California Gov. Gavin Newsom (a former baseball player at Santa Clara University) signed Senate Bill 206, also known as the “Fair Pay to Play Act”, into law on Monday. The bill will not go into effect until Jan. 1, 2023 as current student-athlete contracts/NLIs uphold the current NCAA Rules. SB 206 (which you can read in full here) will allow student-athletes to profit from their name, image and likeness while also hiring agents and signing endorsement deals. There is a ton to digest around this issue and we aim to provide you a variety of resources and different sides to the debate through the background of the bill, reactions to its signing, and what happens next.
The conversation around compensating NCAA student-athlete is nothing new and you can easily find examples of it as well as lawsuits and court cases over the years. Ed O’Bannon v. NCAA, an antitrust suit, is one of the biggest cases and dates back to 2009. The case has a long history you can read up on and was eventually petitioned all the way to, then denied by, the U.S. Supreme Court.
Last spring California Congresswoman, Nancy Skinner introduced “The Fair Pay to Play Act” and it quickly gained traction. The NCAA formed a group to explore modifications to the rules surrounding “name, image, and likeness” issues. Around the same time, the California senate passed SB 206, 31-4, and the bill moved to the state Assembly.
Mark Emmert, President of the NCAA, responded saying, “We recognize all of the efforts that have been undertaken to develop this bill in the context of complex issues related to the current collegiate model that have been the subject of litigation and much national debate,” Emmert wrote in his letter to the committee chairs. “Nonetheless, when contrasted with current NCAA rules, as drafted the bill threatens to alter materially the principles of intercollegiate athletics and create local differences that would make it impossible to host fair national championships. As a result, it likely would have a negative impact on the exact student-athletes it intends to assist.” Emmert also shared that California schools could be banned from NCAA Championships if this bill passed into law.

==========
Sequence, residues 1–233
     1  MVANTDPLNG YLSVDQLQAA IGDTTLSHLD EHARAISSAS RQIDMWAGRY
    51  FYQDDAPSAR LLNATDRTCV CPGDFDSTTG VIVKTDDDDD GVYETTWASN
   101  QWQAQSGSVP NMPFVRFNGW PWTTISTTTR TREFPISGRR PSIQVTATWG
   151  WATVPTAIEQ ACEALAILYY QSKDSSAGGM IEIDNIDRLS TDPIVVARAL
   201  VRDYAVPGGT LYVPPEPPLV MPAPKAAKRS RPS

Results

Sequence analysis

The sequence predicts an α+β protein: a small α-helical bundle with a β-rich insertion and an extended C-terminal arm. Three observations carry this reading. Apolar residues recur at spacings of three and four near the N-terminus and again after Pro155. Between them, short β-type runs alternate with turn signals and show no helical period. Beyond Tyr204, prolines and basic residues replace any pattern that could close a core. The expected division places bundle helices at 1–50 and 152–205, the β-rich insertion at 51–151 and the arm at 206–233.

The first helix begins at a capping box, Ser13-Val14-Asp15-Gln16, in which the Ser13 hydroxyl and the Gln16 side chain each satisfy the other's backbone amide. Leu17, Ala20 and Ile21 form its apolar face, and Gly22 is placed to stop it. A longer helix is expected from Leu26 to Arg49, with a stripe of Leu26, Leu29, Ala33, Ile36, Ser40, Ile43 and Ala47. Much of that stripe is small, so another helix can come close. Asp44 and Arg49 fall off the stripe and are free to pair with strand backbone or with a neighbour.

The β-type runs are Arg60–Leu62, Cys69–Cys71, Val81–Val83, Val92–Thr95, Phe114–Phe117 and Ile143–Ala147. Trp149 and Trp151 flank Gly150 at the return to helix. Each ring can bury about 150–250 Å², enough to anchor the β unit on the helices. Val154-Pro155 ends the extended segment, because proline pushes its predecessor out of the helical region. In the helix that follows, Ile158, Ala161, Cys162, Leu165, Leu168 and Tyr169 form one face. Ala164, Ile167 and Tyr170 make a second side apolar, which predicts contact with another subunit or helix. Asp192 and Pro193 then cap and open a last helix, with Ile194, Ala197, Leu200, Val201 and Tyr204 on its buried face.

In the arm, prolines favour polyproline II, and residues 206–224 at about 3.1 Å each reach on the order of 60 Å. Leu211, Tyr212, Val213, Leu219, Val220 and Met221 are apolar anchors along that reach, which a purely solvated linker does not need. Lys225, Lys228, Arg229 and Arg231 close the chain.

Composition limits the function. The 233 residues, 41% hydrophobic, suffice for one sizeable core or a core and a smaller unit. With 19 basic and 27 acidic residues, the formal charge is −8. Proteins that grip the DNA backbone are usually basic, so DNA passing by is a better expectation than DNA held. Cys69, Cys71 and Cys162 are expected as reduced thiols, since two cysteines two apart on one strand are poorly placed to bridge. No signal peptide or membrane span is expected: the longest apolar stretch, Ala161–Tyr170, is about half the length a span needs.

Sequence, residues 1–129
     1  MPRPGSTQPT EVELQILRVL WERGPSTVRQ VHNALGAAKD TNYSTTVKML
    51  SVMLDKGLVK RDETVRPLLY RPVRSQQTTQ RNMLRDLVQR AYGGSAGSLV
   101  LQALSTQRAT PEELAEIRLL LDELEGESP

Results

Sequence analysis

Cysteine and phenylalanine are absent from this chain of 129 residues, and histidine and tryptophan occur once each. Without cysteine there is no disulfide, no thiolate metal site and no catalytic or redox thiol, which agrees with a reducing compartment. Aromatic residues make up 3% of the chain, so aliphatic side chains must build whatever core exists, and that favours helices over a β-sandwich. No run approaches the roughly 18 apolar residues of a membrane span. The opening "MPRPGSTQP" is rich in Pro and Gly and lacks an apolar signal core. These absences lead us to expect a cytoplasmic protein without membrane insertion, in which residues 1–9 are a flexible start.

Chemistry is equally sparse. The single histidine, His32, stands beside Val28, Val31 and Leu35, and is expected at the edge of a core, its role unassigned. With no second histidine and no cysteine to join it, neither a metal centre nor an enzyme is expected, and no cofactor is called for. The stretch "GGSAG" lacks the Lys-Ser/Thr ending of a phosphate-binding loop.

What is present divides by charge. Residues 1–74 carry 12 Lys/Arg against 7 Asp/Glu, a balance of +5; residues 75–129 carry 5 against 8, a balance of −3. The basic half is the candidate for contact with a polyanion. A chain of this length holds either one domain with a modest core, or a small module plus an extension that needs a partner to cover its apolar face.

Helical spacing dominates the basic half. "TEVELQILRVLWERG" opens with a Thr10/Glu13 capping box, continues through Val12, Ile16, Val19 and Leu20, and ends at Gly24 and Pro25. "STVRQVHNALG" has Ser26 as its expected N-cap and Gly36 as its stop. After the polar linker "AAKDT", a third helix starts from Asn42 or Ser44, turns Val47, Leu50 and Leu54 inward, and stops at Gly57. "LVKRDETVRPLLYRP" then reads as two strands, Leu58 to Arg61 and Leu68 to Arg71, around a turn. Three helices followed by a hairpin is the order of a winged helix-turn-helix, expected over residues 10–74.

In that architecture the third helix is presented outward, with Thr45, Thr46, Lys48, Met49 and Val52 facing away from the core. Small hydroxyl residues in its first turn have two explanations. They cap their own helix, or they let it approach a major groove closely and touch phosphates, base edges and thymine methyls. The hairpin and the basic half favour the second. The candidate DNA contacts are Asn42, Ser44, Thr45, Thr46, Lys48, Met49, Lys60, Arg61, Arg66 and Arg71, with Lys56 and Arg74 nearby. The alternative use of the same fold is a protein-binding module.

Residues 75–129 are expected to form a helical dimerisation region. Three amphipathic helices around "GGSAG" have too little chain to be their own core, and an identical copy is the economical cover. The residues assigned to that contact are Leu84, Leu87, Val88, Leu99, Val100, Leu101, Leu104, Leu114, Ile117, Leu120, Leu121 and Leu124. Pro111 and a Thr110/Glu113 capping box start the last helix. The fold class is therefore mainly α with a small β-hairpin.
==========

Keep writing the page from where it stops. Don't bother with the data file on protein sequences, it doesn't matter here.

Fast forward to today and the bill has passed and been signed into law.
In his statement following the signing of the bill, Gov. Newsom said, “This is the beginning of a national movement – one that transcends geographic and partisan lines,” said Governor Newsom. “Collegiate student athletes put everything on the line – their physical health, future career prospects and years of their lives to compete. Colleges reap billions from these student athletes’ sacrifices and success but, in the same breath, block them from earning a single dollar. That’s a bankrupt model – one that puts institutions ahead of the students they are supposed to serve. It needs to be disrupted.” You can read the entire release and statement, here.
Statement from the Pac-12, “The Pac-12 is disappointed in the passage of SB 206 and believes it will have very significant negative consequences for our student-athletes and broader universities in California. This legislation will lead to the professionalization of college sports and many unintended consequences related to this professionalism, imposes a state law that conflicts with national rules, will blur the lines for how California universities recruit student-athletes and compete nationally, and will likely reduce resources and opportunities for student-athletes in Olympic sports and have a negative disparate impact on female student-athletes.
Our universities have led important student-athlete reform over the past years, but firmly believe all reforms must treat our student-athletes as students pursuing an education, and not as professional athletes. We will work with our universities to determine next steps and ensure continuing support for our student-athletes.”